In 2008, Deanna Heil and Chantelle Noble came together to start City Studios. Rooting their studio in the heart of OTR, the partners hoped to play a role in the neighborhood’s revival by making the area’s buildings more livable. Six years later, the studio is doing just that. We’ve teamed up with this urban-focused studio on the redesign of our future home in the historic Globe Furniture Building. Last week, we chatted with Deanna and Chantelle for the second installation of our People’s Partner blog series.
Deanna Heil and Chantelle Noble, City Studios
PL: Why renovation and redevelopment centered architecture (in Cincinnati)?
CN: I think that more than renovation, it's city or urban [architecture], and right now, renovation is a big part of that. We wanted to participate in making this city come alive. When I first got to Cincinnati, it wasn’t what I wanted it to be. It’s getting to be that place now and keeps getting better and better.
PL: How were you introduced to the Globe Building and the People’s Liberty Team?
DH: We’ve been intrigued by the Globe Building for a long time; before People’s Liberty, City Studios was involved in evaluating the building for a variety of uses. As part of that we looked at relocating our office to the Globe because we loved the building and the location. After 3CDC bought the building, they hired us to prepare the documentation for the Ohio Historic Preservation Tax Credit application. Once People’s Liberty was set to move in, we were hired to be the architect to design the space, prepare the construction documents, oversee the progress, as well as to continue to document for historic preservation tax credits.
PL: Can you talk to us a little bit more about the Historic tax credit documentation process and how it has affected construction?
CN: The historic application tells the story of the building—it describes the existing historic features, their condition and the scope of rehabilitation work. The State Historic Preservation Office and the National Park Service then assess the impact of the proposed rehabilitation work on the historic features to ensure the building’s exterior and interior historic character is maintained. Because we've received state preservation credits, we had to preserve the building's interior, not just exterior, which is all the national preservation tax credits require. We had to create a number of 3D drawings to show the reviewers what would be viewable from the street and how the contemporary interior and first-level addition would affect both building and neighborhood feel.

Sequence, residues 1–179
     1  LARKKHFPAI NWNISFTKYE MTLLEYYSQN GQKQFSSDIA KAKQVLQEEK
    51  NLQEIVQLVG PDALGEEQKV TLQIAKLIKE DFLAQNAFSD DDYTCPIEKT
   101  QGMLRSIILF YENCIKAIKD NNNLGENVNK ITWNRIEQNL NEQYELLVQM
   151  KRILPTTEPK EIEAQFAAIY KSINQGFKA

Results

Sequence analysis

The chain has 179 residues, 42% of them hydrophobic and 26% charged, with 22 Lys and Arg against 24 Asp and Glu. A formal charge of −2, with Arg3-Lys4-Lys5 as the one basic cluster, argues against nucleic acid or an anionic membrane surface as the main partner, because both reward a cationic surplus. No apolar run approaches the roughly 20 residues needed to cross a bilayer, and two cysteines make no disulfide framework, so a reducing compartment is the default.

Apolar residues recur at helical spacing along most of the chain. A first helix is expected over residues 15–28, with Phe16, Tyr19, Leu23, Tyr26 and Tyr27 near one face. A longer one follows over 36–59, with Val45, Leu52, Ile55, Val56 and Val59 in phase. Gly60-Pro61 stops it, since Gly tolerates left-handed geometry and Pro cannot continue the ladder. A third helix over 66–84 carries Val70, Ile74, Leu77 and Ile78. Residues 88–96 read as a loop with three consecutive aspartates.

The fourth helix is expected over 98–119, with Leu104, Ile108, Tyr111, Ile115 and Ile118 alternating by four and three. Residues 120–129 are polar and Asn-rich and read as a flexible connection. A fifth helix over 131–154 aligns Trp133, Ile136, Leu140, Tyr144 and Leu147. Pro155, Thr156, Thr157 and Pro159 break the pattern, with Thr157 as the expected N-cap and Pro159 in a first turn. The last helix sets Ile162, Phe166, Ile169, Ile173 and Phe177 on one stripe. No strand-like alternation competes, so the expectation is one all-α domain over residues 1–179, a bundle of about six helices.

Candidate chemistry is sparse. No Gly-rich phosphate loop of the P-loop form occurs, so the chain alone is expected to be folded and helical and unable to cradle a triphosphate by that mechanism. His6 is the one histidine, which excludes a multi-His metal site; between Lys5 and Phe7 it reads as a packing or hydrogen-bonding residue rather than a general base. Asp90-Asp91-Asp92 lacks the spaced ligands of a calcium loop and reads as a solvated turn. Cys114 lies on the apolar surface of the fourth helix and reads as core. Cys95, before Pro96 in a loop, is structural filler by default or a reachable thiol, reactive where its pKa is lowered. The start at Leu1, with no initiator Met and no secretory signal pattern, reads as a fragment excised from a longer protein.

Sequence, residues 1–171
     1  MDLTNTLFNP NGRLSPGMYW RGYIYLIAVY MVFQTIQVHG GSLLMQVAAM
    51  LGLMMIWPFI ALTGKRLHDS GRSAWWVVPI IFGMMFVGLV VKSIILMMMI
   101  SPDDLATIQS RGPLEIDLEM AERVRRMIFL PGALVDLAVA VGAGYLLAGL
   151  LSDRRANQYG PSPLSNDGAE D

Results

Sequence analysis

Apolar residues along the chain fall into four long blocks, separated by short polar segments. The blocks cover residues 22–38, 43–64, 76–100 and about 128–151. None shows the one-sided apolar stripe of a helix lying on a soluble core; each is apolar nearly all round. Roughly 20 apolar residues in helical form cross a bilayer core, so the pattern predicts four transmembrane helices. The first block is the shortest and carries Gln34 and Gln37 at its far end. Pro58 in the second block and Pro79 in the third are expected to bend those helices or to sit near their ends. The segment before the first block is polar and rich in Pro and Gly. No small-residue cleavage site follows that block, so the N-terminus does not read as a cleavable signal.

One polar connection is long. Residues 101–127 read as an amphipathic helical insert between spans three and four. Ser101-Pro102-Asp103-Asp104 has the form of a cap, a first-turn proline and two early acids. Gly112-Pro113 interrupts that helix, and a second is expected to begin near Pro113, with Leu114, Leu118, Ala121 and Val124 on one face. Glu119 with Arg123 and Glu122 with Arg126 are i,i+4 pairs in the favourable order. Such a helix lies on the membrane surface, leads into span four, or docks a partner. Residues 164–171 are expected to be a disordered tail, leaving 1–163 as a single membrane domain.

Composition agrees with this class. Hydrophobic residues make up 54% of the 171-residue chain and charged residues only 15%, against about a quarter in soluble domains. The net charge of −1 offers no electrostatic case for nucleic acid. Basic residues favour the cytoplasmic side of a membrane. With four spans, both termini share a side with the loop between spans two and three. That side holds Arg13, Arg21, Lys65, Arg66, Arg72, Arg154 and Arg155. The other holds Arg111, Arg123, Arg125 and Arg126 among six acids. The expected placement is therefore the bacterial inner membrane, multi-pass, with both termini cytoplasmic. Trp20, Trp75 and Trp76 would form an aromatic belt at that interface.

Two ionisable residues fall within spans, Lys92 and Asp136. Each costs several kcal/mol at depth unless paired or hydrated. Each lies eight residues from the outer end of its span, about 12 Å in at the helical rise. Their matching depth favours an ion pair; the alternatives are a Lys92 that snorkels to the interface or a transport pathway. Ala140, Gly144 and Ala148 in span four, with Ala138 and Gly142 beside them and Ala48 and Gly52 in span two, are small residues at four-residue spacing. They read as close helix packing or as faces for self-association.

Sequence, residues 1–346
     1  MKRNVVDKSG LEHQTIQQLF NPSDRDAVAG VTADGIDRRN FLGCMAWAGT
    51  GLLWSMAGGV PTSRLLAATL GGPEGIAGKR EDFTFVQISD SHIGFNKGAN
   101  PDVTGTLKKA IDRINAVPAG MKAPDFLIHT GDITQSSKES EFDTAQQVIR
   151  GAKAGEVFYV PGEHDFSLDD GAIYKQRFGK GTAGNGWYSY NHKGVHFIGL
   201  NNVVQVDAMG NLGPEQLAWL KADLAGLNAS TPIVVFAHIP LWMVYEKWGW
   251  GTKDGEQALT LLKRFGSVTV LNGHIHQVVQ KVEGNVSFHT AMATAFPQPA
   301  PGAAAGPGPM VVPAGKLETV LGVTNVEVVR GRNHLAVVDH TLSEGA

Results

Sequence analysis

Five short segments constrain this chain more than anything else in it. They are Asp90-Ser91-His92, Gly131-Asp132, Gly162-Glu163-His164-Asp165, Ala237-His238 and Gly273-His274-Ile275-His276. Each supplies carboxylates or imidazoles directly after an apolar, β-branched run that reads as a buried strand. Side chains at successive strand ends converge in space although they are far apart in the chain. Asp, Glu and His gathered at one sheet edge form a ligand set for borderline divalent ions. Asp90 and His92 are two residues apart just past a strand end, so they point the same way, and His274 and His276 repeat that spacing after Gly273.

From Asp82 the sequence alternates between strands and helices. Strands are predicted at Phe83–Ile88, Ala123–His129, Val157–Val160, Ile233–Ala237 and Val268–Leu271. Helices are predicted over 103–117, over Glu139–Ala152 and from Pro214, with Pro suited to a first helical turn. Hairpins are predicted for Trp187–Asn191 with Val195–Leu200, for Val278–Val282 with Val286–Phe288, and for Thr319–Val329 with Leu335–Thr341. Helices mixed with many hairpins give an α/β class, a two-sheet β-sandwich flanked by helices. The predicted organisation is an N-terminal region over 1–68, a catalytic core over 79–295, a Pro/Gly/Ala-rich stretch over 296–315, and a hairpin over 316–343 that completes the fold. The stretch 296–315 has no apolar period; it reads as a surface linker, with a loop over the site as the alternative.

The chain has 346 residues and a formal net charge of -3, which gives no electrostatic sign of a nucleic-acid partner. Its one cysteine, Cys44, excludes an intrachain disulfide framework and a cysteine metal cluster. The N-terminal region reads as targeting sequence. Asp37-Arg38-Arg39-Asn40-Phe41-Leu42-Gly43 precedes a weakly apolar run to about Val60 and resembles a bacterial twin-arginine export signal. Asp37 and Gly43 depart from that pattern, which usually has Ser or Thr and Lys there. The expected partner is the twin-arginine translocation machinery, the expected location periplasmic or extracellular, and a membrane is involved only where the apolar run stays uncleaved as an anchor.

PL: How has your team preserved the building’s original character?
DH: The historic exterior and windows will all be restored. The inside of the building is not very ornamental, however—it was used as a furniture manufacturer and showroom—so a lot of the historic character has to do with the volume of the space. The wide-open rooms and high ceilings give it it's historic feel, not so much the fabric and details that other types of historic buildings in this neighborhood have.
PL: What’s been the hardest part of the construction process?
DH: The non-glamorous things. Like fitting in all the building system essentials (think ductwork, plumbing, sprinkler lines, and AC units), and making sure it’s done sensitively enough so that no one focuses on these elements when their inside. That’s hard.
PL: Do you feel like your work in the neighborhood has played a role in Over-the-Rhine’s recent renaissance?
CN: I think we have had a part...a lot of people have their hand in it. When we first got here there were people doing little things here and there, and you could see some change, but nothing like what’s happened recently. We were used to being the only ones walking down the street [in OTR]; everyone walks to lunch now.
DH: I love it when I come down here and have a hard time finding a place to park. You know it’s good when you can’t find a parking spot; it means there are lots of people participating. It didn’t use to be like that.